Saint of libertarian economics: Arthur Laffer
There are many saints of economic libertarianism. For this post I profile one of them: Arther Laffer.
Laffer (still alive today) was a relatively unimportant economists, though prominent enough to be at a meeting in 1974 with Donald Rumsfeld and Dick Cheney, at which a divine miracle happened in the form of him drawing a squiggly line on a napkin which became known as the Laffer Curve which proved, once and for all, that high taxes are really really bad.
Now, to give a certain amount of fairness to Laffer’s point of view, the top marginal income tax rate in 1974 was 73%, but at the same time there was only a 35% capital gains rate, plus there were a lot of loopholes which allowed taxpayers to present their income as capital gains, and even bigger loopholes which allowed taxpayers not to show any income at all (pass-through of partnership losses because of accelerated depreciation played a big part in those loopholes). The corporate income tax rate was also lower than the personal income tax rate, which encouraged wealth to be kept in corporations rather than paid out as dividends. They say that there’s no avoiding death or taxes, but in fact the 73% tax rate in 1974 was avoidable, which meant that tax collections were a lot lower than 73% of true income, and also that a lot of business activity went into tax avoidance rather than productive growth of companies.
I could state a general rule of tax avoidance behavior, which is that if different types of income have different rates, then over time an increasing percentage of declared income will be of the types that have the lower rates. I applaud the efforts during the Regan administration to reform the tax code by closing loopholes, which did in fact result in higher tax collections despite lowering the top rates.
I have stated before my belief in the importance of closing tax loopholes and eliminating tax deductions. If there’s a need increase tax revenue, we should always attack loopholes and deductions before raising rates. However, for each loophole or deduction there’s a strong lobby behind it. This is because, unlike libertarianists, real-world rich people see wealth as a zero-sum game: so as long as everyone’s tax rates increase, their status in the economic pecking order remains unchanged, so they aren’t actually harmed by higher tax rates, they are only harmed if a deduction or loophole which benefits them in particular is eliminated.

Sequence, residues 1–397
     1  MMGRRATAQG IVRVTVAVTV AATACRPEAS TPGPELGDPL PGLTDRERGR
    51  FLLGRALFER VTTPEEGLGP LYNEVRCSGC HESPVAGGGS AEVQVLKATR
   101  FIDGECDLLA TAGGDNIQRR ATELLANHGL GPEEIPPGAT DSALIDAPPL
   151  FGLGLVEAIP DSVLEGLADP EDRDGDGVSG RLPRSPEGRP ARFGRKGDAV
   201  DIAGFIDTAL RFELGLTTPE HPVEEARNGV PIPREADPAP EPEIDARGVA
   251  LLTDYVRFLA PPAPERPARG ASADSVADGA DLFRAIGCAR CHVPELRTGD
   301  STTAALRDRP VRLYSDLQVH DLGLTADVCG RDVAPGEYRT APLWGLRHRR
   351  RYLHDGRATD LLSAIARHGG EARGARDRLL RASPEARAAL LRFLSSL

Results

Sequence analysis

Libertarianists, have come to worship the Laffer Curve as proof that all taxes are evil and their worldview is correct, much like Christians see the Shroud of Turin as proof that Jesus really existed. From the libertarianist comments on my blog, I see that they think that current tax rates like the 39% top income tax rate or any amount of estate taxes are causing rich people to retire and stop working entirely, much like the rich people of Atlas Shrugged.
Why is it even a problem if rich people want to retire? It’s only a problem if you take the Atlas Shrugged point of view that rich people are needed to make the economy function and if they stop doing work, there aren’t any people with modest incomes who could step in and take their place.
However, the libertarianist point of view doesn’t make any sense if you assume that rich people behave rationally and want to be richer than their peers. Who would pass up the opportunity to make a billion dollars on account of the fact that 50% of it, or even 70%, of it was taxed? Isn’t it better to have $300 million than to have nothing? I would say it’s a hell of a lot better. I hear about all of the amazing businesses that have not been formed because the tax rates are too high, and it’s all nonsense. No one who starts a business is thinking about what happens to their estate after they die. Libertarianists, despite thinking of themselves as rational economists, are clueless about why people start businesses. And even if they did think about estate taxes, if they were even the slightest bit rational they would realize that it’s much better for their children if they die rich than if they die middle-class or die poor, and that would still be true if estate taxes were increased significantly over their current levels.